Last week, I discovered that any Canadian resident has the right to request an audit of the government. For anything! And by law, they need to reply to your petition within 120 days. If you want to know more, read on…
For the International Day of Forests (March 21st), I went to a talk by George Stuetz, an officer with the Commissioner of the Environment and Sustainable Development, which handles all environmental issues in the Office of the Auditor General (OAG). While I consider myself somewhat tuned in to politics in Canada, I had never really known much about how the OAG works, so I thought it might be interesting to share what I learned – and why it might matter to citizens and scientists interested in forests.
The main responsibility of the OAG is to observe and gather evidence about the activities of the government, and report on these activities to the House of Commons, so that lawmakers can stay informed. With an enormous amount of money and resources channeled through the government and the responsibility to keep our national affairs running smoothly (!), it’s essential that someone is checking the results. The OAG does not take on activism or suggest reforms or courses of action. It is purely there to take stock of what is and is not being done. However, by comparing Canada’s record to those of other countries, the OAG certainly has the power to identify potential improvements.
For example, in a recent review of Canada’s preparedness for handling an oil spill on the Atlantic Coast, the OAG found that if a spill were to happen in Canada’s waters, the offending company would only be immediately liable for up to $30 million in damages. The OAG cannot itself recommend that this be changed, but they did point out that the UK’s liability ceiling is $240 million, while Norway’s is unlimited.
The main activities of the OAG are to: 1) perform audits, 2) provide reports and guidance on management issues, 3) monitoring, and 4) petitions. I was particularly interested in the last of these activities, as it most directly concerns the average Canadian.
I work on the AdapTree project at UBC, which is a research project studying the genomic basis of adaptation to climate in lodgepole pine and interior spruce. Our goal is to provide scientific information that will help policy makers decide how to manage forestry practices and prepare for climate change. In addition to the genomics research, the AdapTree project also studies socioeconomic issues related to forestry and climate change, trying to understand how citizens view the management of our forest resources. Making bridges between science, government, and stakeholders is one of the big challenges, for putting the research we do into practice. Petitions to the OAG provide one of many possible ways that citizens can become more actively involved in governance, and help us all do our jobs more effectively.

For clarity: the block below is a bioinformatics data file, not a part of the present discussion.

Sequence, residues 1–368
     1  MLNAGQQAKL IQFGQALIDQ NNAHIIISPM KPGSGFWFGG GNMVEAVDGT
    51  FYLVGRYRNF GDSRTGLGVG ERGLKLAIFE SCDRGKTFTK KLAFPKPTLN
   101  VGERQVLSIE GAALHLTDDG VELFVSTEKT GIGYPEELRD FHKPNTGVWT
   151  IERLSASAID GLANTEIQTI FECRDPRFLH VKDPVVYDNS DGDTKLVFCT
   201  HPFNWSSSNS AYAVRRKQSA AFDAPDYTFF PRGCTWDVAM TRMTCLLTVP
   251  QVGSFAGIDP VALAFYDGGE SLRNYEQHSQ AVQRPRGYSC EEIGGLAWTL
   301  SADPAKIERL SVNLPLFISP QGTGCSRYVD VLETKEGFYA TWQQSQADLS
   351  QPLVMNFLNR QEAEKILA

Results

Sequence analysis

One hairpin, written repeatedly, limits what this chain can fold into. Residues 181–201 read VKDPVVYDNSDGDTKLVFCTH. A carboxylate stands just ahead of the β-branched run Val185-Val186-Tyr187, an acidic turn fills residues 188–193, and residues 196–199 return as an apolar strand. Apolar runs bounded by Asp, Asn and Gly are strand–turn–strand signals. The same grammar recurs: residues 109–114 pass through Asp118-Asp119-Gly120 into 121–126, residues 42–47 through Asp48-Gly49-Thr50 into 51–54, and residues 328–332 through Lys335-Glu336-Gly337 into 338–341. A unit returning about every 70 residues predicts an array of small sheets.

If you have a concern or a question about how the government is conducting its affairs, you can write a formal petition to the OAG and they will register it, publish it on their website, and pass it on to the appropriate department, who are legally bound to reply within 120 days. Unlike the petitions you may be used to seeing for Members of Parliament, nobody needs to sign it but you. One concerned citizen is enough to get the ball rolling.
Some examples of petitions of an environmental nature have included:
- Impacts of chemicals used in hydraulic fracturing (fracking) for natural gas development
- Progress on creation of Marine Protected Areas
- Effect of forestry policies on fish habitat
- Sustainability of timber harvesting in the Yukon
The list is long, and you can see all the Environmental Petitions on their website (http://www.oag-bvg.gc.ca/internet/English/pet_lp_e_938.html). If you’re interested in further information, check out their website: www.oag-bvg.gc.ca
All in all, it was a very interesting talk about an aspect of our government that is vitally important for science-based policy. The free pizza was tasty too!